Sunday, November 30, 2003
Transporter: Fighting Man
Ever see a movie with a kickass soundtrack, only to find out the soundtrack sucks? Sometimes, the music has nothing whatsoever to do with the film. The worst of all the soundtracks is "Music Inspired by" nonsense.
Which brings me to "The Transporter." Its a half decent, Hong Kong style shoot 'em up with a coupla good chase scenes, too. My favorite aspect of the film was the odd juxtasposition of funky, goofy music during fairly straight forward fight scenes.
My favorite example of this is major fight scene about 35 minutes into the film. The cut "Fighting man" by DJ Pone & Drixxxe is playing the whole time. Its a bizarre, almost tongue-in-cheek soundtrack.
If you like this tune, or any of the music from the film, unfortuantely, you cannot order the actual soundtrack in the U.S. Instead, you can only get the never any good "Music inspired by the movie."
Yeah, it was so inspirational, the director and musical coordinator decided to use none of it. Sheesh!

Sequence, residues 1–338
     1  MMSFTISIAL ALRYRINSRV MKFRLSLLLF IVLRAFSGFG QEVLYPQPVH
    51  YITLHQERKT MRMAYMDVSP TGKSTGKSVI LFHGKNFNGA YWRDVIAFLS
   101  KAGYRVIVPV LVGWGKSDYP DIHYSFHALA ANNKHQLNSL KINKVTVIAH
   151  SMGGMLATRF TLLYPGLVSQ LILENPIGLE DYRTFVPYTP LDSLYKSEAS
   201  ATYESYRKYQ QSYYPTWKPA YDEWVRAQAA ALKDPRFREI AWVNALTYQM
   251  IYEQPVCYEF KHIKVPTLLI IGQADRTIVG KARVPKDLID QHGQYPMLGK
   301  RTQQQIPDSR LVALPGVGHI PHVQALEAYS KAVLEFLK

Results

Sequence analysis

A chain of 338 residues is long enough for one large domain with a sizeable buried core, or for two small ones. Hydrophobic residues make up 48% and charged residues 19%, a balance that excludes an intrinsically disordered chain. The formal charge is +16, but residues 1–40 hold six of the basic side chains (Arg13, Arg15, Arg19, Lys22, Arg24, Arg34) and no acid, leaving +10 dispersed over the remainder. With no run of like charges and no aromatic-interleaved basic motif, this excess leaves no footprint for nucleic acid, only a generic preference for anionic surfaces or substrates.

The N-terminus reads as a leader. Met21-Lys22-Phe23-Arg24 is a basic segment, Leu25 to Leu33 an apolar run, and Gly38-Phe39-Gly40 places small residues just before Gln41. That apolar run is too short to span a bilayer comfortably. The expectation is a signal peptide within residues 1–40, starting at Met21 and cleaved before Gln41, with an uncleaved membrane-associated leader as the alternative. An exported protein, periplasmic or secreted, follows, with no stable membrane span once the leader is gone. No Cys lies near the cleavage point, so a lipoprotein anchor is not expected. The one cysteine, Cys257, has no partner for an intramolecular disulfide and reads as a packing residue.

There is some good news -- you can actually order the original film soundtrack via Amazon UK:
The Transporter [SOUNDTRACK]
by Stanley Clarke
ASIN: B00006MLR1 (Catalogue Number: 5046609612)
And while you are here, check out Fighting man by DJ Pone & Drixxxe.
After you listen to this, come back and post a comment if you think this goofy tune could possibly work as the track for a big fists, feet and gun fight. In the film, it really gives the scene an interestingly amusing flavor. (I found it hilarious). But it works . . .
The Carina Nebula: A montage of four April 1999 telescope pointings with six color filters produced this revealing image of the "Keyhole Nebula." The circular structure contains bright filaments of hot, fluorescing gas, and dark silhouetted clouds of cold molecules and dust-all in rapid chaotic motion. Some small dark globules in the image may be collapsing to form new stars. Located about 8,000 light-years from Earth in the Carina Nebula (NGC 3372), the "Keyhole" was named in the 19th century.